Japanese Startups and Venture Companies to Watch in 2024
Raising financing is one of the largest challenges of any startup, yet the good news is that there are a fair number of venture capital firms in Japan willing to invest if the pitch is right, which starts with understanding the sectors that are drawing interest right now.
A careful look at successful venture-backed companies and startups in Japan can help you grasp future industry trends and opportunities where markets are expected to grow.
To find out what Japan's startup ecosystem looks like and what venture capital firms and seed accelerators are looking at in key industry sectors, we've compiled the following list of companies, businesses, and services that might give you insight into Japan's marketplace and where market experts are willing to invest.
A J-Startup selection, Kotozna aims to provide multilingual contactless translation solutions for hotels—with many other uses. Kotozna In-room is a SaaS platform developed for hotels, digitizing communications between staff and guests, providing an all-in-one solution that helps with contagious disease prevention control, and crossing language barriers.
This Japanese startup has taken its first steps toward global expansion and is continuing to seek further growth opportunities, according to Kotozna's JETRO CES page.
One of their more recent offerings uses artificial intelligence via ChatGPT 4 to provide concierge service in multiple languages.
A product for our current times, Kotozna will likely find many options for partnership on the international stage.
Japan's startups regularly spearhead innovations that provide solutions for aging populations. This is clearly shown in Plimes' first product, GOKURI, an AI product that monitors the swallowing capacity of elderly individuals.
This AI-powered point of care product comes as a wearable device around the neck, providing clinicians and medical institutions and those in the health care industry with the ability to monitor against choke risks in stroke patients and the elderly.
This device, and many others like it, show Japan's deep understanding of the needs that elderly individuals face and the innovative solutions that Japanese startups are taking to tackle these issues.
This cutting edge startup is the maker of an exoskeleton leg assist suit that enables wearers to complete long-standing tasks without straining the legs or back and with no external power supply. The exo suit, called Archelis, is attached to the legs and is adjustable to any height or body size.
Two versions are ready for sale: Archelis for Medical, for medical field workers, such as surgeons; and Archelis for Factory, for those who work in industrial settings. Making news since prototype development, Archelis won the Good Design Award, Best 100 in 2018, and the iF Design Award 2020. Not yet fully global, the startup's JETRO CES entry lists them as looking for investors.
Perhaps one of Japan's best-known robotics companies, Yukai Engineering's products have been covered by CNN, the Washington Post, Business Insider, TechCrunch, and many other international media outlets. They have won many awards, and their products have been popular globally. Still, their ambition runs deep.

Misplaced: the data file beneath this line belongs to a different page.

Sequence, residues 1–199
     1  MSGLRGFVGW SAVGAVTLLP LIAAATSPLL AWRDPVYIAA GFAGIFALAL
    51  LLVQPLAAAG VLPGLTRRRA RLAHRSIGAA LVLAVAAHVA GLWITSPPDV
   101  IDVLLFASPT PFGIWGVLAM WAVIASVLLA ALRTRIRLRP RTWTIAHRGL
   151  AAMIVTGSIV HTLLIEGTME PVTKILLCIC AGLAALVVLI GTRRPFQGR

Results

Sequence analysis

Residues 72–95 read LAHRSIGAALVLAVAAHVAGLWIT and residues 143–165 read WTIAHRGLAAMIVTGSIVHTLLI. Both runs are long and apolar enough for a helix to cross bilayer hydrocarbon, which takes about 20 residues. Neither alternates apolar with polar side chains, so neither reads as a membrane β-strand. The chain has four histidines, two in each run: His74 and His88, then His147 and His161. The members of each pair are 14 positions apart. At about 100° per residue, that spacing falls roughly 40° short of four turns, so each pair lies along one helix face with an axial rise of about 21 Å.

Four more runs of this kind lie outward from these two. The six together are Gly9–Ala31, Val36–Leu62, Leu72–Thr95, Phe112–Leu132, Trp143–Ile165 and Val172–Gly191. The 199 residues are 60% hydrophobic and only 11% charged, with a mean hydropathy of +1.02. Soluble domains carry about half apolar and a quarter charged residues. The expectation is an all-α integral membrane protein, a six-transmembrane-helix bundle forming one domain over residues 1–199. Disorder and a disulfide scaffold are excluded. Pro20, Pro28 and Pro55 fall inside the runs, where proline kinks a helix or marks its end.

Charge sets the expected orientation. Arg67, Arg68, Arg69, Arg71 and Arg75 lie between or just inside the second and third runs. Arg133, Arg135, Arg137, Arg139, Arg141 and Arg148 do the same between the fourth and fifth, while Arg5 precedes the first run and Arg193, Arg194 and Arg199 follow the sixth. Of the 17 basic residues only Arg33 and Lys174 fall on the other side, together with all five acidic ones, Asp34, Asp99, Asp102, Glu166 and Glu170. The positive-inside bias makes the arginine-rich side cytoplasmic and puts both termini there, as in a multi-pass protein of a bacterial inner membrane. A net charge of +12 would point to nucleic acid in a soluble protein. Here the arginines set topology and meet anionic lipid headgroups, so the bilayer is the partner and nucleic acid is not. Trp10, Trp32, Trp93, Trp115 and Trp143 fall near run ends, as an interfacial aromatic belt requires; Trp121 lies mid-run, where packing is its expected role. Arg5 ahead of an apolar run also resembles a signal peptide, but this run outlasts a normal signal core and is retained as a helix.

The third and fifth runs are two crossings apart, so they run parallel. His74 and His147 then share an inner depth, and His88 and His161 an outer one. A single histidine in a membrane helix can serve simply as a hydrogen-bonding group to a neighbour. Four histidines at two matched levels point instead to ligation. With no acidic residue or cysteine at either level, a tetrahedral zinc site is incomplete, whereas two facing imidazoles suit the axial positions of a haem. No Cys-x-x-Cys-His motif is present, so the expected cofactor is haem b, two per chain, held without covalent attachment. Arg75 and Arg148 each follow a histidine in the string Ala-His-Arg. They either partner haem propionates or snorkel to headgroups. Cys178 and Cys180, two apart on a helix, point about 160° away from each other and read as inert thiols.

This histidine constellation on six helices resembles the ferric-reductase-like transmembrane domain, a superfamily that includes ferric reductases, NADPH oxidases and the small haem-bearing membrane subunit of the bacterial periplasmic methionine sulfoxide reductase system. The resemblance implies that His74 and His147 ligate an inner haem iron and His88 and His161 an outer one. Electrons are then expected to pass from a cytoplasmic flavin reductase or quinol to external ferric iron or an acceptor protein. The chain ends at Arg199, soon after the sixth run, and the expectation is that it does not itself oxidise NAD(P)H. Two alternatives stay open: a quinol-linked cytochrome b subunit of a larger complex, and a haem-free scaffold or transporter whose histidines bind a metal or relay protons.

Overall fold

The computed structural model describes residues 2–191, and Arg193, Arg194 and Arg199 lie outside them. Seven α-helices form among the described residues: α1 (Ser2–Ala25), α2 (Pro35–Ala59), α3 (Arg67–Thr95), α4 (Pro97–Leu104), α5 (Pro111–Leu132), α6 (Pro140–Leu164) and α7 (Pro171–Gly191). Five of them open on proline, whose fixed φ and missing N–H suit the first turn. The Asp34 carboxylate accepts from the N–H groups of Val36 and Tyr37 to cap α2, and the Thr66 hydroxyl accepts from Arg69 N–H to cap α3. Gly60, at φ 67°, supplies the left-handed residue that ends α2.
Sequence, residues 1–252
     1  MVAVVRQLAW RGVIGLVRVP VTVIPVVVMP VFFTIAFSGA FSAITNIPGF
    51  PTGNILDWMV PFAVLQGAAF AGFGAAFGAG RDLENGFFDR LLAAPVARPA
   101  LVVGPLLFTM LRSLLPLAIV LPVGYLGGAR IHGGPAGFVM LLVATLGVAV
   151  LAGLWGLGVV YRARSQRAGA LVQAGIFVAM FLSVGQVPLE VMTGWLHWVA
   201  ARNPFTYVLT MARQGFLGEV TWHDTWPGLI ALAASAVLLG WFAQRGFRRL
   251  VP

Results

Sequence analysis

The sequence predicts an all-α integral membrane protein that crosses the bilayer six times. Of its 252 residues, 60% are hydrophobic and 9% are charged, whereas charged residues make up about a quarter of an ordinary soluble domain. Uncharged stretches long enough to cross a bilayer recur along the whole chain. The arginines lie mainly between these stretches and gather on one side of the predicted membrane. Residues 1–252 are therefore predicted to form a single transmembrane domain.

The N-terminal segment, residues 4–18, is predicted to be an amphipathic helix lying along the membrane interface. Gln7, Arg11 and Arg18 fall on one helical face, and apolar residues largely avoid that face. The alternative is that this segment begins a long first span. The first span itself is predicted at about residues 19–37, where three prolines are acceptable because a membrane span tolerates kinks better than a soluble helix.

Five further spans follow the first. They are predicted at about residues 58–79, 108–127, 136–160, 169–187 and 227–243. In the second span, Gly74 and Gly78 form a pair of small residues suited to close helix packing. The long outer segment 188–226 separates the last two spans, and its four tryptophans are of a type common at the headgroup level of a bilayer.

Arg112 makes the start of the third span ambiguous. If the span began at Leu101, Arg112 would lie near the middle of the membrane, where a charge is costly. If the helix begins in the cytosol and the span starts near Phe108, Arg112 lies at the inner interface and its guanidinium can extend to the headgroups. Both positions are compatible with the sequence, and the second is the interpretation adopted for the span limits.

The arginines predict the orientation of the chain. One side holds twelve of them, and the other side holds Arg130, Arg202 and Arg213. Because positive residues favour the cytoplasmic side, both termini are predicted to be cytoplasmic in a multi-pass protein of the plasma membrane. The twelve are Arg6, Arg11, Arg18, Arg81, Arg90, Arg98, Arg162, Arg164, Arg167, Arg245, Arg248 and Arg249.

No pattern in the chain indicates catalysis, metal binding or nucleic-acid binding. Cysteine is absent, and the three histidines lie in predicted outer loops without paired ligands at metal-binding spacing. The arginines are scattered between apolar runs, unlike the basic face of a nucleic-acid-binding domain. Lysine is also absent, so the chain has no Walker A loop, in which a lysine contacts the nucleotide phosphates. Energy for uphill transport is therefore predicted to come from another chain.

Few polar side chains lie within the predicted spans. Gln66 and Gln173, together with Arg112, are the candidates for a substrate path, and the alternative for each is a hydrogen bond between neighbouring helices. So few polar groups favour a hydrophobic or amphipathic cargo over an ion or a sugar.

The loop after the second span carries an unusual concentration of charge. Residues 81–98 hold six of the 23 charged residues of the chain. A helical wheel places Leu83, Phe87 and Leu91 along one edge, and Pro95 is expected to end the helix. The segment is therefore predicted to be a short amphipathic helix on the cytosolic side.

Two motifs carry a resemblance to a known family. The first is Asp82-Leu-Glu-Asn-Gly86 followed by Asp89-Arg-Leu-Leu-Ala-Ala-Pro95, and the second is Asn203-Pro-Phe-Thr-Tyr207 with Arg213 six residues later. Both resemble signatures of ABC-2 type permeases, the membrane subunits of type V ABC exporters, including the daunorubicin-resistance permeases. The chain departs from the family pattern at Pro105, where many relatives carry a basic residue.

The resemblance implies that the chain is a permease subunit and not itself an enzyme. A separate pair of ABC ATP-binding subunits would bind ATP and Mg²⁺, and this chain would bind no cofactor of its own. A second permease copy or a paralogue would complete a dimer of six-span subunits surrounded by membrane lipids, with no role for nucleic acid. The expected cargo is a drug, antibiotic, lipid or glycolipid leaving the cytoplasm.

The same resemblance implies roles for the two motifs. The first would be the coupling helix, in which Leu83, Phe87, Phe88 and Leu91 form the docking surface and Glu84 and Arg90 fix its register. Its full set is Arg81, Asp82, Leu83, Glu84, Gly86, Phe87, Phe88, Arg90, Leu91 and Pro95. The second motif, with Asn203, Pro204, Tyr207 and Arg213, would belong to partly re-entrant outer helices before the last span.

Their vision is to develop robots that will be recognized as the world's standard interface. One of their latest products Bocco Emo is a cute robot that allows you to send and receive messages with your family and loved ones. Check out Yuka Engineering's JETRO CES entry page for more of their latest robot products.
BallWave Inc. has created a smart gas chromatograph that expands one's natural odor perception abilities. This invention is the size of a lunchbox yet provides high performance in warning of toxic threats within the house or in your environs. Other uses include measuring food and beverage freshness levels.
An exciting startup in the IoT and infrastructure category, BallWave Inc. is currently looking for global distributors and partners, according to their JETRO CES page.
Vanguard Industries is a Tokyo startup that specializes in concept, solution, product, and experience design. Their first product, the MOFLIN, raised over $600,000 through a Kickstarter campaign and netted them an honoree placement in the 2021 CES Innovation Awards, which acknowledges outstanding design and engineering in consumer technology products within the startup scene.
The MOFLIN is an AI pet that exhibits emotional learning patterns that provide a real-life pet experience. Its expressions will change as it is given care. Masahiko Yamanaka, Vanguard Industries' CEO, proposes that taking care of a MOFLIN could help prevent the onset of dementia and could be used in psychotherapy for elderly patients. Additionally, families that cannot take care of a real-live pet can still teach children essential aspects of sensitivity and caring for a pet through MOFLIN. Visit their JETRO CES page here.
Tokyo Supercars is a luxury car-sharing company that provides rental opportunities, day tours, racing experiences, and more in the Greater Tokyo Area, delivering a service that's the first of its kind in Japan.
The business provides a platform, enabling owners of luxury supercars to share their rides with car enthusiasts, allowing users to experience cruising through Tokyo at night in a Porsche, Ferrari, Aston Martin, or another vehicle from their high-end lineup. Founded by a small team with a capital of ¥51,000,000 and a passion for supercars, Tokyo Supercars' services include car-sharing, rental, corporate incentives, and partnerships.